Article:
This Reuben Sandwich recipe layers tender corned beef with Swiss cheese, sauerkraut, and Russian dressing on griddled marble rye. A classic deli indulgence!
I have so much love for the Reuben sandwich. The crisp, buttery rye bread. The creamy Russian dressing and tangy sauerkraut. The gooey Swiss cheese against the salty meat. Someone get the jar of pickles ready and pass me a stack of napkins stat!
The warm, griddled sandwich has been a staple at diners, delicatessens, and luncheonettes across the country for almost 100 years. This classic Reuben sandwich recipe is also another post-St. Patrick’s Day “must” in my house, right along with my cold Corned Beef Sandwich with coleslaw and Corned Beef Hash.
Where Did the Reuben Originate?
The Reuben sandwich originated in America in the early twentieth century. There are two schools of thought as to who first created it, and where. It’s a subject that’s been pretty hotly debated by Reuben enthusiasts and food historians.
One camp traces the first Reuben sandwich recipe to Arnold Reuben of Reuben’s Delicatessen in New York City around 1914. The sandwich was called the “Reuben Special” or the “Annette Seelos Special” (named for the actress).
By the descriptions available online, this first appearance at Reuben’s Delicatessen used ham and turkey instead of corned beef, and coleslaw instead of sauerkraut. Certainly a delicious sandwich, but not the hot, grilled corned beef Reuben that later followed on New York deli menus.
Others attribute its creation to 1925 at the Blackstone Hotel in Omaha, Nebraska, and a grocer named Reuben Kulakofsky. As the story goes, Kulakofsky made the griddled corned beef, swiss, and sauerkraut sandwich for the hotel’s owner, Charles Schimmel, during a poker game. Schimmel liked the sandwich so much that he decided to put it on the hotel’s menu.
Personally, I’m in the Omaha-Kulakofsky camp, especially after reading Who Really Invented the Reuben? from Saveur magazine and Kulakofsky’s granddaughter. It’s an interesting read!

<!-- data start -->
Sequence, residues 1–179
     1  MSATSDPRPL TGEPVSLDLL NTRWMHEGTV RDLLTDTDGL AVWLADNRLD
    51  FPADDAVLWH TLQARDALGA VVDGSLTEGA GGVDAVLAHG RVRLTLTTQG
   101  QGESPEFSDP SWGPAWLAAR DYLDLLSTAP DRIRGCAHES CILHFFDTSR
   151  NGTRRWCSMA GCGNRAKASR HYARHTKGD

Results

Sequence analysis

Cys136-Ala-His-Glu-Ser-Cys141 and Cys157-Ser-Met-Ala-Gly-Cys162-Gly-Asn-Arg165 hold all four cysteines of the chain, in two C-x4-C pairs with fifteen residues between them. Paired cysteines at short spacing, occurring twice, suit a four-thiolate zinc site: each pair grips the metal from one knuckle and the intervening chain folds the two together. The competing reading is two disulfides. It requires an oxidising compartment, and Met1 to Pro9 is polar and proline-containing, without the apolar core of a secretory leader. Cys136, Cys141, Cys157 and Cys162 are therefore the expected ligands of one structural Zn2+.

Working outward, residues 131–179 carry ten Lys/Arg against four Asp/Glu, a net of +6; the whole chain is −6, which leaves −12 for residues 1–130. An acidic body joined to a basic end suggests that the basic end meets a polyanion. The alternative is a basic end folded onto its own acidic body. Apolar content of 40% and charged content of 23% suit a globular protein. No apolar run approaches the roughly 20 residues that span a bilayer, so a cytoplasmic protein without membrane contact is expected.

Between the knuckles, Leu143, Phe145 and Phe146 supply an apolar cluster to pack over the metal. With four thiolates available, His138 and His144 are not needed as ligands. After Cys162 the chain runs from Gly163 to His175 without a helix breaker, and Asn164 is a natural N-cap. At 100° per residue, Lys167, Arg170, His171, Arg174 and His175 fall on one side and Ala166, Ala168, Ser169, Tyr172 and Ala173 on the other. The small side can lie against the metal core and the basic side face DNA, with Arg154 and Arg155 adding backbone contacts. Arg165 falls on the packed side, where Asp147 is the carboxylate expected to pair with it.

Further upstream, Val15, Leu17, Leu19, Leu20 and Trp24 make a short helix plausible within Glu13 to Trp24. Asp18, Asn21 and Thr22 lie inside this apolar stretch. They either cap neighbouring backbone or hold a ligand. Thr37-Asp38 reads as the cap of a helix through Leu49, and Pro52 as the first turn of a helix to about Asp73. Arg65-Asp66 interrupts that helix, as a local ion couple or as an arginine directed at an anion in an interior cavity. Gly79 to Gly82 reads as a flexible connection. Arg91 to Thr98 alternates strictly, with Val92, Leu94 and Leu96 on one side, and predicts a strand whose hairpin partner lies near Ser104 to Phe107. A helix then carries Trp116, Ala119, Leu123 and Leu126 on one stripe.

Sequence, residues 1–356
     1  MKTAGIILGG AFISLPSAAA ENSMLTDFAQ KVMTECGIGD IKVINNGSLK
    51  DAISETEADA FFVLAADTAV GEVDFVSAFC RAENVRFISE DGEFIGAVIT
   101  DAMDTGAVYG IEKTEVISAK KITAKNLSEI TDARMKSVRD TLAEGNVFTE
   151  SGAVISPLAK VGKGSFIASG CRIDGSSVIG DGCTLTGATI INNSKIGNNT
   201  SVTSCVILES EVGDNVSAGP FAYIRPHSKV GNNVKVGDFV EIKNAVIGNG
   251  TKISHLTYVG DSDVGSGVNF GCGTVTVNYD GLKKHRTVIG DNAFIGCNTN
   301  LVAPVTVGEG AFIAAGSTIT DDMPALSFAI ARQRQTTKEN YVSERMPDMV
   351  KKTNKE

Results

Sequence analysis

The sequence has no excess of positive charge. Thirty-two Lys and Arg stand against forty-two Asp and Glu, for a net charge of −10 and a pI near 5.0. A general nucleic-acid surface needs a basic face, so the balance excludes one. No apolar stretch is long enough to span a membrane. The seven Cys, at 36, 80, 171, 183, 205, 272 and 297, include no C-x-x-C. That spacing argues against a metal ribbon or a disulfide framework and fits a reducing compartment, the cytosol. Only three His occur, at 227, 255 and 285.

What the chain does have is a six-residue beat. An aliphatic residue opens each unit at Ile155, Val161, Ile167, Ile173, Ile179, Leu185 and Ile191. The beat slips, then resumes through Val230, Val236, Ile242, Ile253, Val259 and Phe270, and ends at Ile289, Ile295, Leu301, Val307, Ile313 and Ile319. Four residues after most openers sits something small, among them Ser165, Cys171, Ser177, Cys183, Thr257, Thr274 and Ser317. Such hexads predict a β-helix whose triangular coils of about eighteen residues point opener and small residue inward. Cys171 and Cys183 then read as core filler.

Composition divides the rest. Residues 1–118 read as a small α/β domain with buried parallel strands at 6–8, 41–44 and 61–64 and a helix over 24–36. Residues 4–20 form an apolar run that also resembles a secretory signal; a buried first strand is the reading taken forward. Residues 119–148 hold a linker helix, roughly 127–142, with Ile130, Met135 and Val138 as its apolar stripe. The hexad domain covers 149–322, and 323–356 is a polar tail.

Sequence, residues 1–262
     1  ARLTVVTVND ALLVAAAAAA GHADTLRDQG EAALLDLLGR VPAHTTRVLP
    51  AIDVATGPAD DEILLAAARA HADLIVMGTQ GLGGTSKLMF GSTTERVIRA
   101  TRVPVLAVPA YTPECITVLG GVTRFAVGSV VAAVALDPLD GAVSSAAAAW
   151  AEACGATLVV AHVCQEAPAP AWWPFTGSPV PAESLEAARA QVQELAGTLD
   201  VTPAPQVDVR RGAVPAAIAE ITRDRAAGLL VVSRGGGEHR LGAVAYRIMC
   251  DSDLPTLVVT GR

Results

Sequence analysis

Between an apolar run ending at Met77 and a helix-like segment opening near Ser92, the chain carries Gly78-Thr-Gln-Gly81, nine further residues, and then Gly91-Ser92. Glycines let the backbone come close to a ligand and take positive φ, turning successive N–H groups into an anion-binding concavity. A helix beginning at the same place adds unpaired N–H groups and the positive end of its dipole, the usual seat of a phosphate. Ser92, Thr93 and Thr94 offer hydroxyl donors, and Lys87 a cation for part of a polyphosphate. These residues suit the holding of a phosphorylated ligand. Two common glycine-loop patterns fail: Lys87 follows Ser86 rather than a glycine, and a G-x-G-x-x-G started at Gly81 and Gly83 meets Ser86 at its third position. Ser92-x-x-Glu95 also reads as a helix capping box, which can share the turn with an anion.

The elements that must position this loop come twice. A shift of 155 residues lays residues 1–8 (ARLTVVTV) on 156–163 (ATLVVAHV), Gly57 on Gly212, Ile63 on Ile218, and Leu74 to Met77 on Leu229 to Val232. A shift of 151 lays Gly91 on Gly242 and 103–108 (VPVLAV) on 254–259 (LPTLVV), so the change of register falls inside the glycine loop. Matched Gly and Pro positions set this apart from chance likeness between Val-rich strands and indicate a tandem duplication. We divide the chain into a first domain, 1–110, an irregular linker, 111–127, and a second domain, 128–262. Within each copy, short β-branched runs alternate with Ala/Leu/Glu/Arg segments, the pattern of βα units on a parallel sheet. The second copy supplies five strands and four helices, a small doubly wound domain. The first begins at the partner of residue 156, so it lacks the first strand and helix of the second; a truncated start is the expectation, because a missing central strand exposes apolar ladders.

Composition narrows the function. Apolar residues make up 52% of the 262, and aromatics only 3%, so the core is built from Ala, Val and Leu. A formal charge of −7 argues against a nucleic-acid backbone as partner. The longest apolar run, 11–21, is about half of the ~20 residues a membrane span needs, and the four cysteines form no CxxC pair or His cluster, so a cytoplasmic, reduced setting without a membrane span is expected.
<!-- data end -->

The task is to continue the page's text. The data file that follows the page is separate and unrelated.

Tips for Making a Really Great Reuben
To make a deli-style Reuben sandwich, a few tips and techniques are key:
- Use thinly-sliced corned beef. If you’re using my Instant Pot Corned Beef or Beer Braised Corned Beef recipes, you’ll have the easiest time cutting thin slices if you chill the corned beef first. You can take the chill off of the slices before assembling the Reuben by steaming them in some of the reserved cooking liquid for just a minute or two. Dry off any excess water before assembling the sandwich.
- Avoid the temptation to overstuff the sandwich. If the sandwich is too thick, it will take too long to warm all the way through on the griddle.
- Let the cheese be your “glue.” I like to layer the Swiss cheese on the bottom and top layers of the sandwich, instead of all in one place. The melted cheese will help hold the sandwich together as you flip it during cooking, and when you eat it.
- Use a good-quality rye bread. I like to use Jewish rye, for its chewy crust and soft, yet sturdy crumb. Whenever possible, I buy marble, which swirls light rye and pumpernickle. You can also use a dark pumpernickle loaf. Look for Jewish rye and pumpernickle breads near the deli counter at the grocery store, or in the bakery section.
- Make homemade Russian Dressing. It doesn’t take long and is especially delicious!
- Gently press down on the sandwich with a spatula while it’s cooking. This will help to compact the layers a bit and heat everything through. You don’t have to weight or press the sandwich, like a panini, but a little pressure with the back of the spatula works wonders.
- Roll up your sleeves, and dig in! The Reuben is a messy sandwich. Sauerkraut will fall out on your plate. Drips of Russian dressing might appear on your hands. Embrace it!
What to Serve with this Reuben Sandwich Recipe
Reubens are pretty substantial on their own, but a few classic deli sides never hurt. We like kettle chips and a half or full sour kosher dill pickles on the side.
Hot, crispy french fries are also a good choice (reminiscent of a New Jersey diner plating), as is a scoop of a warm, vinaigrette-based potato salad. (I find mayonnaise potato salads a little too rich alongside the fatty meat and cheese in a Reuben.)
For beverages, cream soda is a New York deli staple. We also love a good, creamy stout with our Reubens, especially if we’re making them around St. Patrick’s Day.
Reuben Sandwich Recipe
- 2 slices rye bread (preferably, marble)
- 1 tablespoon butter , softened
- 2 tablespoons Russian dressing
- 2 slices Swiss cheese (or more, to taste)
- 3-4 ounces corned beef , thinly sliced
- 1/4 cup sauerkraut , drained
- pickles and potato chips or French fries (for serving)
- Butter one side of each of the slices of rye bread. Spread Russian dressing on the unbuttered sides. Layer the sandwich in the following order: 1 slice of Swiss cheese, corned beef, sauerkraut, and the remaining slice of cheese. Top with the second slice of bread, dressing-side down.
- Heat a nonstick skillet over medium heat. Grill the sandwich until the bread is golden and crispy and the cheese is melted, about 3 minutes per side. Gently press down on the sandwich occasionally with a spatula as it cooks. Serve immediately with pickles and potato chips, French fries, or vinaigrette potato salad.